My name is Darren Yao, and I'm a current competitor in the USACO Platinum division (top ~200 US). I'm also the author of the book An Introduction to the USA Computing Olympiad (linked below), and the president of my school's computer science club.
Recently, I’ve received a number of questions along the lines of “how do I get better at programming contests?,” or “how do I achieve X rank in Y time,” from beginners. Anyway, due to the drastic increase in new competitors I’m seeing lately, I decided to write some articles on programming olympiads, perhaps as a programming counterpart to Evan Chen’s math blog, because I think it’d be helpful.
By far the most common question I receive is “can I get from beginner level to Platinum in a year?” I mostly get this from beginners, and probably as a result of the fact that quarantine killed most people’s extracurricular activities, so they’re looking for some resume padding for their college applications. To answer the question: yes, it’s possible (I did it in eight months). However, if you really want to do this, you’ll need to be extremely dedicated and productive. Furthermore, you should know that if you’re only doing programming competitions out of a desire to look good on college applications, and don't actually enjoy the process, you will likely burn out and end up nowhere. Consider yourself warned.
Welcome to the world of competitive programming! I’m going to start off by reiterating a phrase seen often on AoPS: stop looking for the “right” training. There certainly does not exist a method that will guarantee you X rank in Y amount of time, because as with all contests, there are other factors involved: luck, innate talent, efficiency and productivity of your training time, and so forth. Most importantly, everyone learns differently, and your training should be structured around your own strengths and weaknesses so that it fits you. That being said, I'm going to provide some useful resources below. Readers are encouraged to use their best judgement and skip around the books or go through chapters faster or slower as they see fit; in the end, it is up to you to make your own learning effective.
Short answer: Learn algorithms, do practice problems, and reflect on why you're missing problems. Make sure you learn from every problem you do, and you'll improve over time.
Long answer: read the rest of this article.
USACO supports five languages: C, C++, Java, Pascal, and Python. Firstly, nobody uses Pascal, and C is a strictly inferior version of C++ so you shouldn't use either of them. Now, for the three languages that actually get used:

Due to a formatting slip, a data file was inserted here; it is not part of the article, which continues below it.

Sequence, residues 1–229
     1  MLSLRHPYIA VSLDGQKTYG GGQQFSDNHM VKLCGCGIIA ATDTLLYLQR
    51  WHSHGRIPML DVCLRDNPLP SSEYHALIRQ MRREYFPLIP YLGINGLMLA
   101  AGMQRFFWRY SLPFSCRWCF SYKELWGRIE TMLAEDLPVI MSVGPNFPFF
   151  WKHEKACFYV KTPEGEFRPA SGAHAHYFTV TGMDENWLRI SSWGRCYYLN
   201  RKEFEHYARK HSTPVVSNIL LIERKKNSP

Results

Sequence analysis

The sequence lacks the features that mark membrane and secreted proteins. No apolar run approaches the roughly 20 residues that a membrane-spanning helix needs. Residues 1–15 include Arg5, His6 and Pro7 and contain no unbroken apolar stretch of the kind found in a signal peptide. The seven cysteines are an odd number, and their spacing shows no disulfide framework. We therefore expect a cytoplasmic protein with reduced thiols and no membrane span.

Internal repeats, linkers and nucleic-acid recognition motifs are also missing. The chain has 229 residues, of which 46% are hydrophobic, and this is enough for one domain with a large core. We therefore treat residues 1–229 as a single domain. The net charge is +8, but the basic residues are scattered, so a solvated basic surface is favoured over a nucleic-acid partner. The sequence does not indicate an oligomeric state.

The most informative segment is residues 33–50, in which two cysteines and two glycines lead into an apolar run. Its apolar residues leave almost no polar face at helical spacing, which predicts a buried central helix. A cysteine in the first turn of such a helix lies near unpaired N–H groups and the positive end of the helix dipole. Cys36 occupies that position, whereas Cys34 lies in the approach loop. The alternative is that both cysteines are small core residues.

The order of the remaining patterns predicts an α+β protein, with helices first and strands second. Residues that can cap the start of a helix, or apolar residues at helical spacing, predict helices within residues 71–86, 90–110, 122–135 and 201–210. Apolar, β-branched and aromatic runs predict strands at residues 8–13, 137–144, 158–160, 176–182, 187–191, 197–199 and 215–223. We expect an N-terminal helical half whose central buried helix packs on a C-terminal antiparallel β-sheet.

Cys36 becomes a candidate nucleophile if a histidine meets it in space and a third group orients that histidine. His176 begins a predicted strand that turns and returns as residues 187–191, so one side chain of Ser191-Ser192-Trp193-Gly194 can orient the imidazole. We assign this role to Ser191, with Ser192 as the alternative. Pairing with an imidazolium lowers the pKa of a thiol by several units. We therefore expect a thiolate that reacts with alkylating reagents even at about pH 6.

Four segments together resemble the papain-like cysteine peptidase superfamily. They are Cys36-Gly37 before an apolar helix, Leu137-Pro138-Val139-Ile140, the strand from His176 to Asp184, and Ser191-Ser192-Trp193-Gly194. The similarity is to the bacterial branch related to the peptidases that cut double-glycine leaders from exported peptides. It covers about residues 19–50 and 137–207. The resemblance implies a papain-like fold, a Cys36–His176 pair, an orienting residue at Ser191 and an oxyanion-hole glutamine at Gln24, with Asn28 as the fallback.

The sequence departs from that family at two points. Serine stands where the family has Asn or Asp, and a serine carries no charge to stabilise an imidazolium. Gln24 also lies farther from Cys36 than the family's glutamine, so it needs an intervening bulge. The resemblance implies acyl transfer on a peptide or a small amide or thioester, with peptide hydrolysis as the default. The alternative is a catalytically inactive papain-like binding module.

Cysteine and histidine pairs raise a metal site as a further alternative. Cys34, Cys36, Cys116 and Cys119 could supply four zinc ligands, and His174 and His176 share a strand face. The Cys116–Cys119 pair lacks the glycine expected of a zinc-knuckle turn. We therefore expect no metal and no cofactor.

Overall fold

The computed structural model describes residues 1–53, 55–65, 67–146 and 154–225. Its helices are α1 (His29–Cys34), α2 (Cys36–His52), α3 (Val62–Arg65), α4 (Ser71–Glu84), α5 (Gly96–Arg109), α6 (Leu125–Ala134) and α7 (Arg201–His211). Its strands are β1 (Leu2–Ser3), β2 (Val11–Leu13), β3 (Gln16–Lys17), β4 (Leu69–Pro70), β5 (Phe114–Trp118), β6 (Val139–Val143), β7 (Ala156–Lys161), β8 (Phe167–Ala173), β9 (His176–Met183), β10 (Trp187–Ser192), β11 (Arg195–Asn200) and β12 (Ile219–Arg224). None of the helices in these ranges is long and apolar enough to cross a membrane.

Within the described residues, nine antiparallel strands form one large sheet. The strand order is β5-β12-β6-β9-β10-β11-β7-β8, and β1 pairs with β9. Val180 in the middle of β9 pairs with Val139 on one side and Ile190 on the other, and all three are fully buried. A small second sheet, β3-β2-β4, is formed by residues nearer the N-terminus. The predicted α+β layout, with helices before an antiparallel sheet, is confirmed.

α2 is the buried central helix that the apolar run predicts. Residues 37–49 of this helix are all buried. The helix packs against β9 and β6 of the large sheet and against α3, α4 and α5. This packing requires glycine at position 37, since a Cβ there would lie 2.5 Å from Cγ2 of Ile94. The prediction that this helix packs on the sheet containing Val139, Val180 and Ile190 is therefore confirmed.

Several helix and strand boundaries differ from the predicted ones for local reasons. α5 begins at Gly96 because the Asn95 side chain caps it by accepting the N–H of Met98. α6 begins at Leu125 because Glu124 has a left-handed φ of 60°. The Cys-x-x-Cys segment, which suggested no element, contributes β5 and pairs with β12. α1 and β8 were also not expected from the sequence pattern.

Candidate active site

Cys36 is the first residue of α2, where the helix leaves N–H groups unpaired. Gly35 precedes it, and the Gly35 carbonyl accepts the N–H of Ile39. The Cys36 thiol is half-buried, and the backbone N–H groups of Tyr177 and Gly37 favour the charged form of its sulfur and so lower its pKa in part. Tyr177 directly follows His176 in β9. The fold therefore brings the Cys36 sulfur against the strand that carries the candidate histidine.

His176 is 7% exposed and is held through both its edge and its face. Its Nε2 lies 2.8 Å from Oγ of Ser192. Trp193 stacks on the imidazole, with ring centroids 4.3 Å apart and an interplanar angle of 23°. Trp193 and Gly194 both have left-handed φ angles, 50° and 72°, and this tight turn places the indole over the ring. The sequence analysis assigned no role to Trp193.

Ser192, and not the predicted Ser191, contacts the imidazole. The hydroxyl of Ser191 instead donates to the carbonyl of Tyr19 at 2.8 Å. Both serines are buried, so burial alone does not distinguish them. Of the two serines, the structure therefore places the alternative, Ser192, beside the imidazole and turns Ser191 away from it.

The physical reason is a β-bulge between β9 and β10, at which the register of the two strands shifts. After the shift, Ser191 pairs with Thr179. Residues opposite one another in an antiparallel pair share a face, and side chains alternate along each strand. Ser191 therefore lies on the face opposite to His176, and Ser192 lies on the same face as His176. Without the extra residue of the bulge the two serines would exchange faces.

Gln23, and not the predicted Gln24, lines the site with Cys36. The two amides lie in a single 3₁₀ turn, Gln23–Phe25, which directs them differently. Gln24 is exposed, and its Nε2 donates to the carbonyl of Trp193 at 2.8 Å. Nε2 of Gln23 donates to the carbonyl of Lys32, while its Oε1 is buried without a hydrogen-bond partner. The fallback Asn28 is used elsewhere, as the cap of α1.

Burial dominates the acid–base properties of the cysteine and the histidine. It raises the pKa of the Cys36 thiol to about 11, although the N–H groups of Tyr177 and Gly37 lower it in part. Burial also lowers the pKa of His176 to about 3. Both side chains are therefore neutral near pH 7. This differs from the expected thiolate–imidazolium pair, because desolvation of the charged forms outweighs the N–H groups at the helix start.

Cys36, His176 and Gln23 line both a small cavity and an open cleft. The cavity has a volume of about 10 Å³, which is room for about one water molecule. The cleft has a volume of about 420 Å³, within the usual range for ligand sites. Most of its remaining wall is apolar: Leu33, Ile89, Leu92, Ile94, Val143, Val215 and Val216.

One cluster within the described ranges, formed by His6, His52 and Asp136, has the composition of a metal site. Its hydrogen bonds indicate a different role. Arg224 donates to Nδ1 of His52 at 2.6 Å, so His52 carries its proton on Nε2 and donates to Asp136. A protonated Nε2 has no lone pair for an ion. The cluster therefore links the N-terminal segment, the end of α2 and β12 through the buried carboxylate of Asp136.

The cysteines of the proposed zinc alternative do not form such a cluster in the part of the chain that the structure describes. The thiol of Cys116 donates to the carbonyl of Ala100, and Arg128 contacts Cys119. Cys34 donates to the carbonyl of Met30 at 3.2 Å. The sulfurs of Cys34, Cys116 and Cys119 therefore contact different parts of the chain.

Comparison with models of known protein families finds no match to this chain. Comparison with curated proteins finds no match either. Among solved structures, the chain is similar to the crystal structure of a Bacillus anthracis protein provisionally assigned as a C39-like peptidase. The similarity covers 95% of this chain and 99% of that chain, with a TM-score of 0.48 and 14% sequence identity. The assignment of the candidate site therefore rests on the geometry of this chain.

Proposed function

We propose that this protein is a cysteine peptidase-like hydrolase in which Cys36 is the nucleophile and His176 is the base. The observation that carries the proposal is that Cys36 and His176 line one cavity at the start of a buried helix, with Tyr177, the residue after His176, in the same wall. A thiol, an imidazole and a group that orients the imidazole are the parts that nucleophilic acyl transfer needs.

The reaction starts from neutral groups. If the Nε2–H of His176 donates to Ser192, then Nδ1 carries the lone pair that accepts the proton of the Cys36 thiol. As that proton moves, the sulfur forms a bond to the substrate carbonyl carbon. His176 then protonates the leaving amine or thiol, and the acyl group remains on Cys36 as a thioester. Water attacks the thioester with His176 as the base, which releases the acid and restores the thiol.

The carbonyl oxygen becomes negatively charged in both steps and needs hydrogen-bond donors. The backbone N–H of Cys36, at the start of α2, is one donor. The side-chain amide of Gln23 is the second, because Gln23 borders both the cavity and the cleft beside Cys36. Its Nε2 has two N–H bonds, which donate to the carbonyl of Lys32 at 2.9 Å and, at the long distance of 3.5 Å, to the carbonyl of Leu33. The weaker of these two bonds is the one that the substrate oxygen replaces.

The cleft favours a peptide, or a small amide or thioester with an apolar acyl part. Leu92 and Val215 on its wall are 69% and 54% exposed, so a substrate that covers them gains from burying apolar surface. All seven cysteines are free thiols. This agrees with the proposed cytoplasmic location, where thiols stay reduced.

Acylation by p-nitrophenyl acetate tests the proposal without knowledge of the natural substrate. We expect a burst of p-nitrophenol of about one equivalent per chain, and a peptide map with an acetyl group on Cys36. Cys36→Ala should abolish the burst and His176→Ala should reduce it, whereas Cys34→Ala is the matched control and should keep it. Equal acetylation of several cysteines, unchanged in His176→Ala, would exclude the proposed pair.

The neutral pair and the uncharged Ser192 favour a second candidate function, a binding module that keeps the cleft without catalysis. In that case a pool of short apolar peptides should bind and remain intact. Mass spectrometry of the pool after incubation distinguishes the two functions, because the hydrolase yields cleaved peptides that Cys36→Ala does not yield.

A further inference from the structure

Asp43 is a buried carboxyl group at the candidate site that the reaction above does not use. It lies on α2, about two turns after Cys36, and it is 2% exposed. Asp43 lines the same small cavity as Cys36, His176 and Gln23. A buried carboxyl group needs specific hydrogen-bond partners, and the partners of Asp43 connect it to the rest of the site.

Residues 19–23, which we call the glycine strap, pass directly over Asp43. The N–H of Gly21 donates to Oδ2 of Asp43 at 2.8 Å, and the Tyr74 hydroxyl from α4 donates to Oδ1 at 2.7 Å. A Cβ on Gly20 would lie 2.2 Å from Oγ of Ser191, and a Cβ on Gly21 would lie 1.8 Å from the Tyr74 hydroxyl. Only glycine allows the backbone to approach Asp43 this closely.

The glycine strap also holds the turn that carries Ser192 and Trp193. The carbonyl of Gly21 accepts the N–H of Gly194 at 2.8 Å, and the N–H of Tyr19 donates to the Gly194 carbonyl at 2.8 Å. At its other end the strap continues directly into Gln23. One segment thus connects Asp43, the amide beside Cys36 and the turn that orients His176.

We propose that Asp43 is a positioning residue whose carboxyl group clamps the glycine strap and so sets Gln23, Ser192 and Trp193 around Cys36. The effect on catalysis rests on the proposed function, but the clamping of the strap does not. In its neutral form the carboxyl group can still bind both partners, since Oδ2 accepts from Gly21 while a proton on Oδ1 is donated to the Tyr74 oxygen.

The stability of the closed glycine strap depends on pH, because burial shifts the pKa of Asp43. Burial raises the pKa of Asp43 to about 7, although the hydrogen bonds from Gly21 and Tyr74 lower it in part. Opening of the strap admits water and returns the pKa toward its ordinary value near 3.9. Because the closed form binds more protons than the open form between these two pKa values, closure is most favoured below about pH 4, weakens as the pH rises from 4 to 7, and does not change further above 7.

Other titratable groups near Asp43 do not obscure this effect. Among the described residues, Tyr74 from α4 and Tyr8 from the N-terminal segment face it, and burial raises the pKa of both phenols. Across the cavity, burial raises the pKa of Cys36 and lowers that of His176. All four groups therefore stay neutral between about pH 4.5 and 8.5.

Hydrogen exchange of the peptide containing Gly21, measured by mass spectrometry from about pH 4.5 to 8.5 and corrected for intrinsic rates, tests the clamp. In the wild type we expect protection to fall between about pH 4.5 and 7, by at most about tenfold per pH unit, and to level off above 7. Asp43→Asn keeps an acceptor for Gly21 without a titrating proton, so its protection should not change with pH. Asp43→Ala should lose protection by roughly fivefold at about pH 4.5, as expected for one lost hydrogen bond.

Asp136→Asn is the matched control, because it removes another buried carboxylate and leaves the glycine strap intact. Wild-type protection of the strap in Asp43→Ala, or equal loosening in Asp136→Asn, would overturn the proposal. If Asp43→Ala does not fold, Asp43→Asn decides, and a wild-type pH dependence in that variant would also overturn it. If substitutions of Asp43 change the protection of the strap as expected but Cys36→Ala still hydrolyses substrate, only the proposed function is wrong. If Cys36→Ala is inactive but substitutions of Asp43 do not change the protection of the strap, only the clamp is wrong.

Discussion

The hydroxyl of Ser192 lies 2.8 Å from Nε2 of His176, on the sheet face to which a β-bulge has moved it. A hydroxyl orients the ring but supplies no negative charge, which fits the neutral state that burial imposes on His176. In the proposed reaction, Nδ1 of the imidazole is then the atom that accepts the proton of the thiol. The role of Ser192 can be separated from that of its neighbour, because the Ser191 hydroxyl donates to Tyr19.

Python is the easiest to learn, but it also runs slowly, which is often problematic despite the longer runtime. USACO problemsetters have stated that they don't test Python solutions, and many problems are simply impossible to pass in Python.
C++ is the most commonly used language, and for good reason; it runs the fastest, and code is short. C++ also has macros, defines, and other similar things for shortening code (although often at the expense of readability...) It also has a standard library containing many data structures that you'll use often.
Java is also commonly used. It runs slower than C++, but is given a longer runtime. Java runtime generally isn't too much of an issue, even at higher levels of competition (A member of the 2020 USA IOI team uses Java). Its standard library is very similar to that of C++. Java code, however, tends to be rather verbose. I prefer Java for several reasons: it's very intuitive, debugging is easy, and its behavior is more consistent (C++ ordered set upper and lower bound functions: one of them is inclusive and one of them is exclusive, while in Java both are exclusive).
If you don’t know how to code, you need to learn that first; this should be pretty easy to do from resources available online. The two primary languages used in competition are C++ and Java; C++ code is shorter, runs faster and is thus favored by the majority of contestants, but Java is granted extra runtime on the USACO to compensate and I personally find it more intuitive and easier to debug. At the high platinum and camp levels, using C++ is an advantage, but Java still remains viable. Python generally is not an acceptable language due to its slow runtime.
A solid background in competition math can make the learning curve easier, because you've already developed the intuition needed to solve problems. This generally allows you to get through bronze material very quickly, and also speeds up the learning of more advanced concepts. That being said, the advantage you gain from having previously done competition math is diminishing -- USACO wants to make Platinum qualification a major goal in and of itself, rather than a mere side-quest for the math contest elite.
At the bronze and silver level, you should read my book An Introduction to the USA Computing Olympiad, and do the accompanying practice problems at the end of each chapter. Links are below:
At the gold level, resources are still in development. I would recommend just learning all the standard algorithms and then doing lots of practice problems. The site cp-algorithms and certain sections of Competitive Programmer's Handbook provide good explanations for most algorithms, but they're unfortunately only available in C++.
For additional practice, CodeForces has an extensive selection of problems, sorted by rating, topic, or pretty much any other criterion you can think of.